A Tandem Water-Splitting Device Based on a Bio-inspired Manganese Catalyst

Authors

  • Dr. Robin Brimblecombe,

    1. School of Chemistry and Australian Centre of Excellence for Electromaterials Science, Monash University, Melbourne, VIC 3800 (Australia), Fax: (+61) 3 9905 4597
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  • Dr. Annette Koo,

    1. School of Chemistry and Australian Centre of Excellence for Electromaterials Science, Monash University, Melbourne, VIC 3800 (Australia), Fax: (+61) 3 9905 4597
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  • Prof. G. Charles Dismukes,

    1. Department of Chemistry and Chemical Biology, Rutgers University, Piscataway, NJ 08854, (USA)
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  • Dr. Gerhard F. Swiegers,

    1. Australian Centre of Excellence for Electromaterials Science and Intelligent Polymer Research Institute, University of Wollongong, Wollongong, NSW 2522 (Australia)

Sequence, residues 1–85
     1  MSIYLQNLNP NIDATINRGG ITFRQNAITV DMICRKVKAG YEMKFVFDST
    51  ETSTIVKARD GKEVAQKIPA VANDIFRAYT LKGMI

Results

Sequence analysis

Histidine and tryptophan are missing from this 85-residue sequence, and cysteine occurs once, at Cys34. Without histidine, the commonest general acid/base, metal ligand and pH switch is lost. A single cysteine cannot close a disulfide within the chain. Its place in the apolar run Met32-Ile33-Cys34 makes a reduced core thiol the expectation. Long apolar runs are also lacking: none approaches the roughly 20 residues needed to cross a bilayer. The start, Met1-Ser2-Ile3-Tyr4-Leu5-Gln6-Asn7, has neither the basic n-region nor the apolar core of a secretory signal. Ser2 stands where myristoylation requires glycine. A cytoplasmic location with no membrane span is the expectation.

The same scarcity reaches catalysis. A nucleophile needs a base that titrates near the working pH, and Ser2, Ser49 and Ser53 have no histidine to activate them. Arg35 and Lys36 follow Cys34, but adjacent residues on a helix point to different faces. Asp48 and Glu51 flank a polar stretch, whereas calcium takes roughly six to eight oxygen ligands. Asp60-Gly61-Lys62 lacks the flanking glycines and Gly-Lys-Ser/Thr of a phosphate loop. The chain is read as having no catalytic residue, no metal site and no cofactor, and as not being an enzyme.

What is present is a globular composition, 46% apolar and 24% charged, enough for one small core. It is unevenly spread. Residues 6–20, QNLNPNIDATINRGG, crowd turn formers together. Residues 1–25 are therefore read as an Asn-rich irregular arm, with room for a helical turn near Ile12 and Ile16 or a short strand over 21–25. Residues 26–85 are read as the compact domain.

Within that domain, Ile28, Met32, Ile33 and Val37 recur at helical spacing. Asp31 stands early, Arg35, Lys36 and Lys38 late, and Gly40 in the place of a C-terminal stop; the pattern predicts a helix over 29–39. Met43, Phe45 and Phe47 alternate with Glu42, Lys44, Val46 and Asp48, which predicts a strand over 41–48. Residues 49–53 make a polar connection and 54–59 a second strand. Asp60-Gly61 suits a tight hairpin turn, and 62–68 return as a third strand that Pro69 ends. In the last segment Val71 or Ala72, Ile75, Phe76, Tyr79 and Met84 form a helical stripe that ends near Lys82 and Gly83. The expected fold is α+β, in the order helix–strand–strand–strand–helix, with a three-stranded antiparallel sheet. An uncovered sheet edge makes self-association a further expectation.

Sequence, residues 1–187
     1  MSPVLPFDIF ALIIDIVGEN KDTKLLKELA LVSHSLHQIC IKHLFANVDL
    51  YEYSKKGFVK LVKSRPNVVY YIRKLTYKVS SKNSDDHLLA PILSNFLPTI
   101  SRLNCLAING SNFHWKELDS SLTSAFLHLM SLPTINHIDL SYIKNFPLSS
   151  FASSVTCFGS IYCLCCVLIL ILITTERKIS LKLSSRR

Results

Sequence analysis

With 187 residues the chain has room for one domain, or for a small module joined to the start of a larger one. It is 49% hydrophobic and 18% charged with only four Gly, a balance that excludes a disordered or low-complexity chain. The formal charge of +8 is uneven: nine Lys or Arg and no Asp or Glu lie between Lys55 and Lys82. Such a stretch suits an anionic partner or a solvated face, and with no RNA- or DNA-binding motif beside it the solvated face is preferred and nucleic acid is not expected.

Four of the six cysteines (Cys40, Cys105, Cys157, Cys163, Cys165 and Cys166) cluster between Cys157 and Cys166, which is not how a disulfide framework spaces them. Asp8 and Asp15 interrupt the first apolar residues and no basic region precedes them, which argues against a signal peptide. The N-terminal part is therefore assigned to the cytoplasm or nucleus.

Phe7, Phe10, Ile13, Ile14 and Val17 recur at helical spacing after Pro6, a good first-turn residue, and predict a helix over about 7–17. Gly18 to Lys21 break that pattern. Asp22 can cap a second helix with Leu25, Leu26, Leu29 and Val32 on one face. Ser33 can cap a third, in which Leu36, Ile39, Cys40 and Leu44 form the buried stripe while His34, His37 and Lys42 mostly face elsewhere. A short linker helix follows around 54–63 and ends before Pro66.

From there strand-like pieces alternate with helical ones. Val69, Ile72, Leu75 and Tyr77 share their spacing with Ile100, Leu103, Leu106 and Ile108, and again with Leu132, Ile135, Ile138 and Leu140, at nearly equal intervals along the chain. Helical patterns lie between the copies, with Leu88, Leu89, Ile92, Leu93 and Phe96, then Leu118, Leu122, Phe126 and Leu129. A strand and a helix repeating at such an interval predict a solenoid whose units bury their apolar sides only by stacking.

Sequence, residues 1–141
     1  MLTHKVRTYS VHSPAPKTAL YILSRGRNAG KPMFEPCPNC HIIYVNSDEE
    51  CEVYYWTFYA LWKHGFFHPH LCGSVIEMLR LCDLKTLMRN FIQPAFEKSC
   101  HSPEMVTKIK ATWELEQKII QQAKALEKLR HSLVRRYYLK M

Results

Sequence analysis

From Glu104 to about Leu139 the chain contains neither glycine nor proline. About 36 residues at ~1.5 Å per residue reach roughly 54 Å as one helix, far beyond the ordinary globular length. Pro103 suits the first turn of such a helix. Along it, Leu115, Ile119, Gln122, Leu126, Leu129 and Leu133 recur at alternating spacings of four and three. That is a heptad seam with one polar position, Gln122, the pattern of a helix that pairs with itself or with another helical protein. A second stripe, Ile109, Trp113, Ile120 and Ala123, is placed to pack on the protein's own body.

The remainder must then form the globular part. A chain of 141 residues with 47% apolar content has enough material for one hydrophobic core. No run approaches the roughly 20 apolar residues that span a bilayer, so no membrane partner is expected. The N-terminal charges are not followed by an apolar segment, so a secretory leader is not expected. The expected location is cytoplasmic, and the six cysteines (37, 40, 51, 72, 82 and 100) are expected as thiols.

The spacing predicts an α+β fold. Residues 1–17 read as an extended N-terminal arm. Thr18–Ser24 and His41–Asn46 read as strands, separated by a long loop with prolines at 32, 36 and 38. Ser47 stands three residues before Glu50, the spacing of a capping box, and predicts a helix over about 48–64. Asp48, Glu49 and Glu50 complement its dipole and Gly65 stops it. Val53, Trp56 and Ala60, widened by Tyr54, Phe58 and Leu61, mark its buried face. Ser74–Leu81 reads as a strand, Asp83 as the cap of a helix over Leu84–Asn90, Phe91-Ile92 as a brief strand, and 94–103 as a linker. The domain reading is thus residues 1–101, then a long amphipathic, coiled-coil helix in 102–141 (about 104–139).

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  • Prof. Leone Spiccia

    1. School of Chemistry and Australian Centre of Excellence for Electromaterials Science, Monash University, Melbourne, VIC 3800 (Australia), Fax: (+61) 3 9905 4597
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Abstract

original image

Multiple photoanodes, comprising a manganese water oxidation catalyst doped in a Nafion membrane, are combined in series and powered with two dye-sensitized solar cells. The tandem device is capable of direct, solar-driven splitting of water into oxygen and hydrogen.

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